Some have called it the poor man’s Leica, but I refuse to put 10 grand into a camera, because my wife would make my life a living hell, and I wouldn’t be able to take it out in case somebody nicked it. I like good gear, but I’m not paying silly money despite my desires to own one. It’s not worth it to me. But if anybody wants to give me one then I would of course accept with tremendous grace, but as if that’s going to happen!
So I have this beautiful object in my hands and want to get out there trying it out. And boy did I try it out. I remember talking about it in one of my first articles on this blog. There was a whole gang of us that had decided to meet up and you smell the testosterone. Each camera bigger and larger than the next one. It was like a penis size contest and I turn up with my discreet X100F. We went round Nantes taking pictures and you could feel a certain “size matters” feel to the whole thing. That was until we started comparing pictures! Yes it’s not huge but I know how to use it! I definitely felt less intimidated at that moment.
“They” say it’s a street photographer’s camera. “They” say that due to its small size, it’s a great travel camera. “They” also tend to say that it is great for documentary photography. Sometimes “they” are right, but not about everything. It also works really well in the studio and the auto focus works like a doosey! And when you show the client those colours, then they get over the discreetness of its size and realise that you don’t always need a massive DSLR to be a serious photographer.
I had also wanted to do some night time photography on the streets in Nantes, and because of it’s smaller size people don’t feel threatened by it. It is silent, and, as I’ve said before and allows you to get up close.
But why should you get a new camera? If you have the money, then why not. But that’s not the main reason. I bought my X100 for more than just that. I had “grown out” of my previous camera and could only see the limitations. I wanted a camera that would help me develop as a photographer. With the settings on automatic, and just using exposure compensation I have been able to concentrate on just getting the shot. Seeing a shot in the street. Composing. Putting the camera to my eye, and taking the shot. It really feels like my old film cameras except that with the EVF (electronic view finder) I know what I will be getting. This has allowed me to get away from just settings, and concentrating more on my photography. You soon get very used to seeing the world in 35mm, and it gives me more room to capture a scene than a 50mm. So, for that reason alone, it is worth getting one. Even a second hand one. They’re coming down in price since the latest super duper model was released, the Fujifilm X 100 V. Do I want one? Honestly? Yes , because who doesn’t like a new camera. Will I get one? No. I don’t have the need for one. My X100F is more than what I need.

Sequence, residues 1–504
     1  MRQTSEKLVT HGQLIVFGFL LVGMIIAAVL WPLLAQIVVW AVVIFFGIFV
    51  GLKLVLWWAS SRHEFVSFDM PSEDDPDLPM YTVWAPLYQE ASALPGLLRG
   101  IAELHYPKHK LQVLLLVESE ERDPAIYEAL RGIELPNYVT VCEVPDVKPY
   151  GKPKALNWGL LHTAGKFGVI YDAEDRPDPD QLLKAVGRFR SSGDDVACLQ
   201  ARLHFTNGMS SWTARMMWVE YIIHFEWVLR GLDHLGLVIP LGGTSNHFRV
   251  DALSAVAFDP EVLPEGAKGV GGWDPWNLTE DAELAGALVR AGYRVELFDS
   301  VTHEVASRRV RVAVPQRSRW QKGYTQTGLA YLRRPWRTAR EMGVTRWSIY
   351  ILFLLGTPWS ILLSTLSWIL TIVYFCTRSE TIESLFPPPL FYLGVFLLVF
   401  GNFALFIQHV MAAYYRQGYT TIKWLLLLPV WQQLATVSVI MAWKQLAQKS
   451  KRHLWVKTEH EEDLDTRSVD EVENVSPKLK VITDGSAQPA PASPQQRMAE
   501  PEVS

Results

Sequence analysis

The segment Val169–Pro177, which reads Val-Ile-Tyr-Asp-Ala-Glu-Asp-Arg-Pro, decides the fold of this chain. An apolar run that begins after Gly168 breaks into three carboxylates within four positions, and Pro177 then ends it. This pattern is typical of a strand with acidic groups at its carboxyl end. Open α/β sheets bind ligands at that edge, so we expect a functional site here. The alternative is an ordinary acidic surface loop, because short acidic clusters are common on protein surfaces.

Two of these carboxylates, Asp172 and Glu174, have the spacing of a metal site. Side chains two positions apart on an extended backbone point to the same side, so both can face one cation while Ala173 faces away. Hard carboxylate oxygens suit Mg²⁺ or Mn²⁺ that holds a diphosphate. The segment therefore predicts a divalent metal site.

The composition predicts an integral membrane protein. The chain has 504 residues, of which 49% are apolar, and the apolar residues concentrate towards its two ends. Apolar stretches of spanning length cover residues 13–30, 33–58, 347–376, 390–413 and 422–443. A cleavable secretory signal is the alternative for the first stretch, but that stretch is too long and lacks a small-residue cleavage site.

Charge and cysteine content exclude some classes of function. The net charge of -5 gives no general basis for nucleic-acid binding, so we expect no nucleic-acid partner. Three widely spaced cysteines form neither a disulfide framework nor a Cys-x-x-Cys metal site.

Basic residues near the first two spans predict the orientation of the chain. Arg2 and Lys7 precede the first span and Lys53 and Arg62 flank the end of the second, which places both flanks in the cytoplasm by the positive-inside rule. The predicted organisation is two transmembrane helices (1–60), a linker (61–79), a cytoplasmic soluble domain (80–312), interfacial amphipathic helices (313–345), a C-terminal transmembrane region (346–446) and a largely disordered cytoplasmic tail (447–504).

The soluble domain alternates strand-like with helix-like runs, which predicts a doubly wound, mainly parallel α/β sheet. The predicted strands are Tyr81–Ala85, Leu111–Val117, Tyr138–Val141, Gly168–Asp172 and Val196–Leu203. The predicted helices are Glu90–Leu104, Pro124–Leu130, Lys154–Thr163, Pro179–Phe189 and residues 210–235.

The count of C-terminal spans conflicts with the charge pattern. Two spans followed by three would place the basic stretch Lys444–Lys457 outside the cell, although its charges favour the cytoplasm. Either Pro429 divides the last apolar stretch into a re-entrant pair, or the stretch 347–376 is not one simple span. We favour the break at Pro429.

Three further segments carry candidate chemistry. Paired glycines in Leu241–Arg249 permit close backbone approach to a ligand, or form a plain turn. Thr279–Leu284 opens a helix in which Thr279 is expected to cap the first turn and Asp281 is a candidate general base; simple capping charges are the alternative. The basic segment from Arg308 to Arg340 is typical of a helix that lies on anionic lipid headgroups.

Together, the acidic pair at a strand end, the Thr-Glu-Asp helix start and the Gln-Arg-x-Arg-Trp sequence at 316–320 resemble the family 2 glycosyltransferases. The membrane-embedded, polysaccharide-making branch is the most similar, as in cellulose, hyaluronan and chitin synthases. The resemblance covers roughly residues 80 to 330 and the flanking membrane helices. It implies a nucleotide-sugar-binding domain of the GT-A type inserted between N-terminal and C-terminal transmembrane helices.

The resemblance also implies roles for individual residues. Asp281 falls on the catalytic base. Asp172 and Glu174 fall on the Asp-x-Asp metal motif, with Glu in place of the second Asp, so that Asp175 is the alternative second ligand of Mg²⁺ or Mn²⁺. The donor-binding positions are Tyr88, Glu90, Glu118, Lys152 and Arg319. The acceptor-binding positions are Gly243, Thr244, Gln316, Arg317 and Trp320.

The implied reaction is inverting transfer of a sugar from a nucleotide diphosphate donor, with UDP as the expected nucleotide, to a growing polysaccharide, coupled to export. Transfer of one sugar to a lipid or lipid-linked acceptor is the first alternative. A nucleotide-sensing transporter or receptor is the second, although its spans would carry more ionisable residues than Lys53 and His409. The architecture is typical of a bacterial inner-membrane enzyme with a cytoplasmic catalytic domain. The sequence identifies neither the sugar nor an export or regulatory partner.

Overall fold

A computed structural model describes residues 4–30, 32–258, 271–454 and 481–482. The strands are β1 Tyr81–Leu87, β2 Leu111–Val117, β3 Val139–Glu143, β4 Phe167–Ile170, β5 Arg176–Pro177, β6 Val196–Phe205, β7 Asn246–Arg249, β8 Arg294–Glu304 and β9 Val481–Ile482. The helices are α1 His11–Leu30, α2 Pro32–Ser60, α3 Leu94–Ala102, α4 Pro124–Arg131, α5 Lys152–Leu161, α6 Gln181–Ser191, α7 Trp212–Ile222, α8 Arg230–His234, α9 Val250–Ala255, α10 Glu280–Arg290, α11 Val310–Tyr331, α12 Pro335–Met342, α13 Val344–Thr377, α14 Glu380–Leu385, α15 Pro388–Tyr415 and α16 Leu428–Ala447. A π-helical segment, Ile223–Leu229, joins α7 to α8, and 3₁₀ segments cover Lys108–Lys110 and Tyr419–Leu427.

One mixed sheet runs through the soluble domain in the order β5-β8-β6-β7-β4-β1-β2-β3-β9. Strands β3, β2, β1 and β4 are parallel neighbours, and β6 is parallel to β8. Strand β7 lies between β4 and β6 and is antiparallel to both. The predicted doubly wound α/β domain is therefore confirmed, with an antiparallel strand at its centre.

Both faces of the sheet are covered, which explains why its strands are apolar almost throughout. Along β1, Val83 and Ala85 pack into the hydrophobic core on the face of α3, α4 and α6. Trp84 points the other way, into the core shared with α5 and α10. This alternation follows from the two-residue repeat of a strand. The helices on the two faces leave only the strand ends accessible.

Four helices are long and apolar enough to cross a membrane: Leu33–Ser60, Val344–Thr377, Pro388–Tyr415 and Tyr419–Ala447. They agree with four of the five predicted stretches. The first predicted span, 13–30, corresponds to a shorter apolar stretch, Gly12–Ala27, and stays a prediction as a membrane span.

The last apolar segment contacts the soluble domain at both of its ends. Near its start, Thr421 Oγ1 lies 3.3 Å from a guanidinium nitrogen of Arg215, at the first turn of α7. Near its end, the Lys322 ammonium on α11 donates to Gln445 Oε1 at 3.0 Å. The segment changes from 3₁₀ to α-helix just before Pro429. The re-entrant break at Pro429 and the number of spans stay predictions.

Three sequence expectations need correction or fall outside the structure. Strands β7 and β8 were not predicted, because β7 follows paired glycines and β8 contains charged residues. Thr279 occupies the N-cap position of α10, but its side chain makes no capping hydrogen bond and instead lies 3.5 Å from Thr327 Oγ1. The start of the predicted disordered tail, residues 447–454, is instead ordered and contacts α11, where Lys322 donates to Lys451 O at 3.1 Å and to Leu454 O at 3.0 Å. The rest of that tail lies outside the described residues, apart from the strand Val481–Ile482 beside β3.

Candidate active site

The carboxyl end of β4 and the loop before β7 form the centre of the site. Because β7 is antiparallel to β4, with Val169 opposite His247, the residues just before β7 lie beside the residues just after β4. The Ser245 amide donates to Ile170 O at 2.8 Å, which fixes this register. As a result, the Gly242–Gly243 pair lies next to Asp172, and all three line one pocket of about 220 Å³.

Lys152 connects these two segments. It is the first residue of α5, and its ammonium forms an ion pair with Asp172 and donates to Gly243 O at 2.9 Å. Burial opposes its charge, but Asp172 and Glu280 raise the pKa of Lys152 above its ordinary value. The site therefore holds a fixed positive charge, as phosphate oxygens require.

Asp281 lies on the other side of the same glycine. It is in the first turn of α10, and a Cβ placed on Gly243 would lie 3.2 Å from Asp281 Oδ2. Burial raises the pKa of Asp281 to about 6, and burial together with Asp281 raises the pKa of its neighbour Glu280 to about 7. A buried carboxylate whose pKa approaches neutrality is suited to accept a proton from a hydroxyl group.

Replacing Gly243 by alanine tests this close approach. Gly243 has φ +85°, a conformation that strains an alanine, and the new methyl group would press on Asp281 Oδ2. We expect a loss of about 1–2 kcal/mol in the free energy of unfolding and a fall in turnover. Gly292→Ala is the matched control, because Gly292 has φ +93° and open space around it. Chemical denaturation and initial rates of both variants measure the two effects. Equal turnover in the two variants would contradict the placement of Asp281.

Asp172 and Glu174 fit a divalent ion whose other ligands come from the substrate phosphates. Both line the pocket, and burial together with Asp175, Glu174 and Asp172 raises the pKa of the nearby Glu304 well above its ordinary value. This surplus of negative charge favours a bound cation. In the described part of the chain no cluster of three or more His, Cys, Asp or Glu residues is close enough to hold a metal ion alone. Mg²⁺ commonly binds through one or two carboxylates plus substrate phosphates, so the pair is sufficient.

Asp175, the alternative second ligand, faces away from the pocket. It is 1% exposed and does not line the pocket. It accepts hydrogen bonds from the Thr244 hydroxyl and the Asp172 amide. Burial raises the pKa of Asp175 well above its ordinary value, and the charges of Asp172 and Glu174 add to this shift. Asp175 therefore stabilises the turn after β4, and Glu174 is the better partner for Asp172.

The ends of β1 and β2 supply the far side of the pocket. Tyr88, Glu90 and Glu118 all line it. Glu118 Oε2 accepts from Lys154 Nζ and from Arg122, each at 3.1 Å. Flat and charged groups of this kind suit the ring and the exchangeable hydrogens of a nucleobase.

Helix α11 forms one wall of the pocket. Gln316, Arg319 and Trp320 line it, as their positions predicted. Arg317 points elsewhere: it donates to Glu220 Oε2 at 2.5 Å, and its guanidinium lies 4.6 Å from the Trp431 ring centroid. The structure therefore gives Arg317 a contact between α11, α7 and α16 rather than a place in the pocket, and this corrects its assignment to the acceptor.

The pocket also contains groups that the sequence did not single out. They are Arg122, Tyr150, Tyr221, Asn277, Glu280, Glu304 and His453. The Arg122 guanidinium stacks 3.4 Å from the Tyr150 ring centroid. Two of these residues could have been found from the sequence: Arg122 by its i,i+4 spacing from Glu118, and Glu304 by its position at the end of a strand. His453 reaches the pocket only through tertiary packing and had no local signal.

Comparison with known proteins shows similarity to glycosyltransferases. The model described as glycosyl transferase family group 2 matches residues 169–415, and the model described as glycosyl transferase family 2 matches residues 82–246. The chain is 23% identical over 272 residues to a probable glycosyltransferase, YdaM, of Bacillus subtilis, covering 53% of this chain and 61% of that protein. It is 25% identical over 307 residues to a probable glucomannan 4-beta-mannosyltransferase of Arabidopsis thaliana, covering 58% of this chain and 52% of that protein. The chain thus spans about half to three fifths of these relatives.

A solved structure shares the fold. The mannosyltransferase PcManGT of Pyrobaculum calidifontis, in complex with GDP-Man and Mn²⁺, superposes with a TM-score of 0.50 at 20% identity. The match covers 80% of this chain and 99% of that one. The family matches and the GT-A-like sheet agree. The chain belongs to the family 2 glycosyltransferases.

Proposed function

Do you have a camera that just takes you to your happy place when you go out shooting? I do. My Mamiya C220. And when I want to go digital, I have my X100F. I get happy, by just getting in the car and having it with me. I know that I will have a good few hours taking photos. Do I like my Canon DSLR? Definitely especially with my 16-35mm lens, but it’s heavy, and makes you look like a proper photographer, but it’s like having a Citroen 2CV. Is it the best car in the world? Nope. Is it the fastest car in the world? Nope. Does it just have style and makes you feel good? Damn right people!
They say the proof is in the pudding. As long as there is chocolate in that pudding then I’m good. Take note of my love of tea, and cake! At the top of each article, you can see the tags used. If you click on the X100f tag, then you will see the photos, which speak louder than words.
Before I conclude this fan boy article I would just like to talk briefly about Fuji X Weekly! If the X100F is a film shooters digital camera, then this web site will give you “recipes” that will emulate different film stocks, even like Kodachrome, that sadly died in 2009. RIP Kodachrome. The geeks will understand me. So if you have a Fuji, then go and check it out!
So let’s see where we are. Is the X100F a great camera? Yes. Does it look wonderful? Yes. Even last Saturday, I got complements about how beautiful my camera is! Felt elated for ages. Is it great for street photography? Yes. It’s small and not heavy, so having it around your neck all day is fine. And it still gets the job done, which in the end, is what we’re all after. Getting that image, without our camera or our own incompetence getting in the way. Like Marie Kendo, does it inspire joy? Yes, by the truckload. And if a camera can inspire you get out and take photographs, then it’s a winner in my eyes. Thank you Fuji for having created the X100 line of cameras, and thank you for the X100F!